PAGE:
2019 started with a political bang. The President’s decision to allow a partial government shutdown in the absence of funding for the “wall” will continue to inspire federal administrative and regulatory havoc for months to come. This is particularly true of the U.S. Environmental Protection Agency’s (EPA) Office of Chemical Safety and Pollution Prevention (OCSPP) as it administers the programs under the Toxic Substances Control Act (TSCA) and the Federal Insecticide, Fungicide, and Rodenticide Act (FIFRA), both of which maintain hugely important fees-for-service programs.
The Big Picture
Mid-term elections redefined the political winds in Washington. The 2020 Presidential election race has begun in earnest. What these new currents will mean for the EPA and OCSPP is subject to much speculation. Will aggressive oversight by the new Democratic House majority stymie Administration initiatives? Will the Administration continue to move forward on numerous initiatives to “reform” Washington? Or, will much of Trump’s anticipated agenda remain unfulfilled, prospective, and fluid at best? Finally, will any bipartisan cooperation occur on any substantial legislation or political tumult while the wheels of government grind on in spite of what some refer to as “the circus?”
Behind the more-visible political activities and rhetoric of both parties, agencies must attend to serious business, especially the approval and regulation of industrial and agricultural chemicals. For OCSPP, the agenda remains busy as the not-so-new (but immensely important) TSCA amendments, now 30 months after enactment, reach critical decision points about key term definitions and appropriate approaches to assessing chemical risks. FIFRA issues remain controversial with regard to both individual pesticides causing controversies (for example, chlorpyrifos) as well as continued debates about policies used to comply with the Endangered Species Act (ESA), which necessarily involves interagency coordination — always a tenuous endeavor.
With Democrats now in charge of the House of Representatives, the EPA and other agencies will face intense scrutiny and probing inquiries as part of Congressional oversight of Executive Branch agencies.
Effective oversight is no small task and will take some time to develop as the new Congress organizes committee leadership positions and jurisdictions (both formal and informal) between committee responsibilities. The committees must hire new staff that will then have to become familiar with both the subject matter and how to conduct oversight. Compared to when Democrats last had control, some important veterans are now retired. Specifically, Representatives Henry Waxman (D-CA) and John Dingell (D-MI) are gone; the absence of their oversight experience over EPA programs will be noticeable. For OCSPP, the major committees of jurisdiction in the House are the Agriculture Committee for FIFRA and the Energy and Commerce Committee for TSCA and the Federal Food, Drug, and Cosmetic Act, which dictates the requirements the EPA must follow to ensure the safety of pesticide residue on food.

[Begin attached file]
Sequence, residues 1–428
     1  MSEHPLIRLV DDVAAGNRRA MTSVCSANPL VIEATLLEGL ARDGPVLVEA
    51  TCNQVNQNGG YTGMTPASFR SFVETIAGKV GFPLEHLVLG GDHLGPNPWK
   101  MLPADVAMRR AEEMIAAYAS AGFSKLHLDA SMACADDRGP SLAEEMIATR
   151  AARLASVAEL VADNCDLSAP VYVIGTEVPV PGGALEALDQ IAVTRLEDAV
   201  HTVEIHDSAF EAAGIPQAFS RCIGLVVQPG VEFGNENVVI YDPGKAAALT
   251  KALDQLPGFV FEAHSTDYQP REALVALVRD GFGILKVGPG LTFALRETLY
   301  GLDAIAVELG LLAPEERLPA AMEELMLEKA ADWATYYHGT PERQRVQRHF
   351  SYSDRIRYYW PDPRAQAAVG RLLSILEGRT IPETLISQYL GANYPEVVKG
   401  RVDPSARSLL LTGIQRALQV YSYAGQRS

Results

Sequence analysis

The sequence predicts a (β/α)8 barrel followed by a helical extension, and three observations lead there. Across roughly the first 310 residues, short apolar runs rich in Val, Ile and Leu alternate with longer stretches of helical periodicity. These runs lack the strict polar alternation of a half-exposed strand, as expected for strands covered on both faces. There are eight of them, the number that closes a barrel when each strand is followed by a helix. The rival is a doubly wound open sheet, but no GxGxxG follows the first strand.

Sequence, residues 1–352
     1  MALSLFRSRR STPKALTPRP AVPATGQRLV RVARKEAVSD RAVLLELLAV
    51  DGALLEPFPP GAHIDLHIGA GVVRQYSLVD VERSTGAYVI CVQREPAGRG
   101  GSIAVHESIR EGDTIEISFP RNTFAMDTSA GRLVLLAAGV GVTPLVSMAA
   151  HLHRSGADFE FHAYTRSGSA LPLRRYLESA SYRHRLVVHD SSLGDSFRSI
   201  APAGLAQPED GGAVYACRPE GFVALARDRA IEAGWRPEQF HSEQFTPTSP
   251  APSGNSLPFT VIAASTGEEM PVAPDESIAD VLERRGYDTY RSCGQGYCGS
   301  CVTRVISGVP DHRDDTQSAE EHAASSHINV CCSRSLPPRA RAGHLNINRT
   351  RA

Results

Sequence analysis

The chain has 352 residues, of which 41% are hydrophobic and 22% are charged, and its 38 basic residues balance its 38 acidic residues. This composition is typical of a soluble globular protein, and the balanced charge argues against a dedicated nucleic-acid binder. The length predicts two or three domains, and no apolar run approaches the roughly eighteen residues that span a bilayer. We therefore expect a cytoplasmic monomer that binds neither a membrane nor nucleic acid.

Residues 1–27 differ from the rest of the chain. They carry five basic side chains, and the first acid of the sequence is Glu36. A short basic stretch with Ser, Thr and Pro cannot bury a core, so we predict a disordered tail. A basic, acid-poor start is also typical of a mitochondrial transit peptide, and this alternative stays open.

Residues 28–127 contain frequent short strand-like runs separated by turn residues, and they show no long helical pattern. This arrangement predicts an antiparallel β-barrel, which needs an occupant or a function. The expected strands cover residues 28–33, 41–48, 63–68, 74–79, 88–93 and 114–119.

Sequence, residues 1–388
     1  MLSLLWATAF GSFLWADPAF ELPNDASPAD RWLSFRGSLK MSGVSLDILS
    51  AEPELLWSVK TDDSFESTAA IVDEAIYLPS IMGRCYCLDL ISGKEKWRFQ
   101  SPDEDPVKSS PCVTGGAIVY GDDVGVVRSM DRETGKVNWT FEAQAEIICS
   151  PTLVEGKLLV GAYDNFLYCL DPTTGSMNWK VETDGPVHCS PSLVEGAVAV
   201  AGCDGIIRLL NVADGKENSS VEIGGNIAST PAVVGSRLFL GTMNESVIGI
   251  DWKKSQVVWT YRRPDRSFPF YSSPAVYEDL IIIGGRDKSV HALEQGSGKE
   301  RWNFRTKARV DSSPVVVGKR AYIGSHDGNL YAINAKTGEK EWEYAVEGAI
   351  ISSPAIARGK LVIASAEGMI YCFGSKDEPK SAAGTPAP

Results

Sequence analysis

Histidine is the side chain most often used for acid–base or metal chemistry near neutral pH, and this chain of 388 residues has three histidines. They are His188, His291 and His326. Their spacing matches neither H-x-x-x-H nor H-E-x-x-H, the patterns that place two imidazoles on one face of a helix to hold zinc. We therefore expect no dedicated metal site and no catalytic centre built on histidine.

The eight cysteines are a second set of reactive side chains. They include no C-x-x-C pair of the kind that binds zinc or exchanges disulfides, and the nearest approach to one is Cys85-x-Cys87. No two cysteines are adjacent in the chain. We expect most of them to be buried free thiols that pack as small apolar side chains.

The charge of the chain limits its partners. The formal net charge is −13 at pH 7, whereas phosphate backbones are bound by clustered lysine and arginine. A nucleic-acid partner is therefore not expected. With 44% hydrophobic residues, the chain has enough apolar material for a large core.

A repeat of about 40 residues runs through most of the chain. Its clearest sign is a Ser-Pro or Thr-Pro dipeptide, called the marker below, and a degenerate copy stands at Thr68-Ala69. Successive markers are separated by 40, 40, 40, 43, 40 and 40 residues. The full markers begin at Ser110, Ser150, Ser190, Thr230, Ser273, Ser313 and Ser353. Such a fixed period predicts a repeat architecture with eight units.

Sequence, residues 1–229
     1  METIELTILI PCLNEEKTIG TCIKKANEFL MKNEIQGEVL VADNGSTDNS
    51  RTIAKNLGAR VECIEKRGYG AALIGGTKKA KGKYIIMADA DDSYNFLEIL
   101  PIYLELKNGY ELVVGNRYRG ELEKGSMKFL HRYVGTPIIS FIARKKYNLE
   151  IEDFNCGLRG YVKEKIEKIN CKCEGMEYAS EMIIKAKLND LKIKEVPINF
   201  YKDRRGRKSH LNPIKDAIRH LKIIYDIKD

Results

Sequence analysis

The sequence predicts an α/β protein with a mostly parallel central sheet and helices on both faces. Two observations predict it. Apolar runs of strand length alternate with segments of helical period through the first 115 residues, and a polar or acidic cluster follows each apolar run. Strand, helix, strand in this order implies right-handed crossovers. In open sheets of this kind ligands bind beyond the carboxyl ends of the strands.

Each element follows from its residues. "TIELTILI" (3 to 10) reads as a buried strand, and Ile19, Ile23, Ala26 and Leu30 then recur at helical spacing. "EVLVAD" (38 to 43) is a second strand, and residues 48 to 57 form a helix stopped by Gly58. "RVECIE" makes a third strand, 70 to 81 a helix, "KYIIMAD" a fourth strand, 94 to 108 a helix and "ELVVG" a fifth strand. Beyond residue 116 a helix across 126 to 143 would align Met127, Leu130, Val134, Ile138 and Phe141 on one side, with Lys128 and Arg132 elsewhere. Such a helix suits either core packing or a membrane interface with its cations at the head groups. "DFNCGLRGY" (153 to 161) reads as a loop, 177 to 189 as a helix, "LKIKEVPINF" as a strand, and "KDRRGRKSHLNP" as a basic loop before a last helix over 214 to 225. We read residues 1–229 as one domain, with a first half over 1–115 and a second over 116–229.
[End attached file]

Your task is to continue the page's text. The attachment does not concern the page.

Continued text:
In the Senate, at least four Senators widely presumed to be Presidential candidates are on the Environment and Public Works Committee, which has jurisdiction over TSCA implementation. This will allow Senators Cory Booker (D-NJ), Kirsten Gillibrand (D-NY), Jeff Merkley (D-OR), and Bernie Sanders (D-VT) to have a platform to emphasize environmental protection issues on a regular basis. The Senate Agriculture Committee, with jurisdiction over FIFRA, has three potential Presidential candidates: Senators Amy Klobuchar (D-MN), Gillibrand, and Sherrod Brown (D-OH).
Of most concern here will be environmental issues of broad interest and media coverage, such as climate change, EPA budget and enforcement activities, lead poisoning and contaminated drinking water. At the same time, as candidates vie for visibility, pesticide regulation or controls on toxic chemicals could emerge as a campaign issue (for example, presence of legacy perfluorinated chemicals in drinking water in some parts of the country such as Iowa or New Hampshire).
Strap On Your Seat Belt
We could be in for a bumpy, if not eventful, year. And all of this — party control of Congress, EPA controversies, Presidential ambition of more than a dozen U.S. Senators — is a subset of the global issues surrounding regulation of pesticides and toxic chemicals on the world stage. Here is a detailed summary of our forecast of global developments in the chemical space.
LYNN L. BERGESON is Chemical Processing's Regulatory Editor. You can e-mail her at email@example.com
Lynn is managing director of Bergeson & Campbell, P.C., a Washington, D.C.-based law firm that concentrates on conventional, biobased, and nanoscale chemical industry issues. She served as chair of the American Bar Association Section of Environment, Energy, and Resources (2005-2006). The views expressed herein are solely those of the author. This column is not intended to provide, nor should be construed as, legal advice.